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Acid Deposition Monitoring Quality Assurance - Precision

Two precision estimates are calculated. Laboratory precision is determined by a duplicate analysis of a sample. The results of the initial analysis and the re-analysis are compared. Approximately 10% of samples are re-analyzed.

The field precision is determined by operating a second sampling device in parallel with the first. The analytical results of the official and duplicate or collocated sampler are compared. One duplicate site has been established for the network.

Percent difference is determined for each pair of results using the following equation:

equation for calculating percent difference
definition of elements in equation

The precision results are reported as 95% Confidence Limits. The mean and standard deviation of the individual percent differences are determined. The confidence limits are calculated by adding and subtracting the product of 1.96 and the standard deviation to/from the average percent difference. It should be noted that many of the analytical results are zero (below the detection limit of the analytical method), so percent difference could not be determined.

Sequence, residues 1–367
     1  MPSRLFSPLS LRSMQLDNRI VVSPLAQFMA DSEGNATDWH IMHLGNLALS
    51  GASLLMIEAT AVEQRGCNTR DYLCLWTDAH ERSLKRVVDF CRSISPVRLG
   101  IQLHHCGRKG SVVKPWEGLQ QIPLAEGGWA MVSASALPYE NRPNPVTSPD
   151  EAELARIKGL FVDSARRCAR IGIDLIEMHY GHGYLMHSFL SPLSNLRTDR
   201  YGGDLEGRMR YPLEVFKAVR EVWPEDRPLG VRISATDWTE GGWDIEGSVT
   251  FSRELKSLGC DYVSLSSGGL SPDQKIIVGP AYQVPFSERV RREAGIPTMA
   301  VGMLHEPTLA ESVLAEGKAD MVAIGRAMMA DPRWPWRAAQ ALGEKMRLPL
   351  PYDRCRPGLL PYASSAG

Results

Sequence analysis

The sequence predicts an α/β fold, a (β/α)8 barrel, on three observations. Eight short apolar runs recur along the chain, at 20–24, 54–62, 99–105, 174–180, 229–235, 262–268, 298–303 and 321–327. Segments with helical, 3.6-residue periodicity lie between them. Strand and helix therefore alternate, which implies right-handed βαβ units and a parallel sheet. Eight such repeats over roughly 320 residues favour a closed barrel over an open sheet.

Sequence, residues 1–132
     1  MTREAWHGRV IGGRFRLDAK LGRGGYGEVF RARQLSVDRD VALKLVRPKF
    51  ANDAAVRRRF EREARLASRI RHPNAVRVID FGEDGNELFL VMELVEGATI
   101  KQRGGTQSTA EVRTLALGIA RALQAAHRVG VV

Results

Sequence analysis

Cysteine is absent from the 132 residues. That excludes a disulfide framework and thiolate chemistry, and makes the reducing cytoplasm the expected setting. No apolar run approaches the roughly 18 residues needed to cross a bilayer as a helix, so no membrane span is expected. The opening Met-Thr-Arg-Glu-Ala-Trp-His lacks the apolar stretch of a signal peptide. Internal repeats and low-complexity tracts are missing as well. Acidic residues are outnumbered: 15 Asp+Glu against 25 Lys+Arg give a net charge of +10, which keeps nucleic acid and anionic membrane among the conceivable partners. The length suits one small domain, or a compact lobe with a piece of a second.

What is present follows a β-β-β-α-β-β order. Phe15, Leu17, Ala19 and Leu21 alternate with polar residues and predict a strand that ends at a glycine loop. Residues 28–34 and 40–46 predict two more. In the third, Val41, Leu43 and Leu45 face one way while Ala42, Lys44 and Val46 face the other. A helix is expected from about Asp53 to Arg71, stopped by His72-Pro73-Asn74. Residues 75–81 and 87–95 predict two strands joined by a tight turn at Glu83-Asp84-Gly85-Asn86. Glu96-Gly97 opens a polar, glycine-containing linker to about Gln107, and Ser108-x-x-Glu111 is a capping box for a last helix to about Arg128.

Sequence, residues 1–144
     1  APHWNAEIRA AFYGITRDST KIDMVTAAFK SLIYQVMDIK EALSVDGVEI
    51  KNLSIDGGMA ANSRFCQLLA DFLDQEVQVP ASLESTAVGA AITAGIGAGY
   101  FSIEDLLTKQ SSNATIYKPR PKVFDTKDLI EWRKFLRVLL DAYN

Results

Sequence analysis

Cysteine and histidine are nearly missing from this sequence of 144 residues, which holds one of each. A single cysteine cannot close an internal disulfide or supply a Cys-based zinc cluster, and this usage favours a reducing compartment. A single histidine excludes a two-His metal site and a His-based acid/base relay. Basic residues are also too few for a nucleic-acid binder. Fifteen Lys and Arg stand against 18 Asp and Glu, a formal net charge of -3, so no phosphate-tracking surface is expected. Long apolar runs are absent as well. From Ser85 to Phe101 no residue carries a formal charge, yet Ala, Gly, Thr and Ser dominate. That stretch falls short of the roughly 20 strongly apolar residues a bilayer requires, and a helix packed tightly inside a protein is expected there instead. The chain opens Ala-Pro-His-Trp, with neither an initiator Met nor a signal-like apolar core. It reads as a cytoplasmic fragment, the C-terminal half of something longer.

Quality Assurance - Accuracy

The accuracy is estimated from an independent challenge of the analytical process with a known concentration. New York State participates in an EPA Audit program.

Also, NYSDEC is a participant in the World Meteorological Organization (WMO) which has conducted an annual intercomparison of precipitation chemistry laboratories since 1978 that are participants in the Global Atmospheric Watch (GAW) program or its predecessor the Background Air Pollution Monitoring Network (BAPMoN). Since 1996, the coordination of the intercomparisons has been conducted by Quality Assurance/Scientific Activity Center (QA/SAC) for the Americas using test samples prepared by the Precipitation Chemistry Reference Laboratory (PCRL) at the Illinois State Water Survey (SWS) in Champaign, Illinois.

Participants in the intercomparisons are currently sent three samples of simulated rainwater which contain concentrations of ions commonly found in acidic precipitation. Additionally, two more samples may also be included which contain concentrations of trace metals found in polluted precipitation.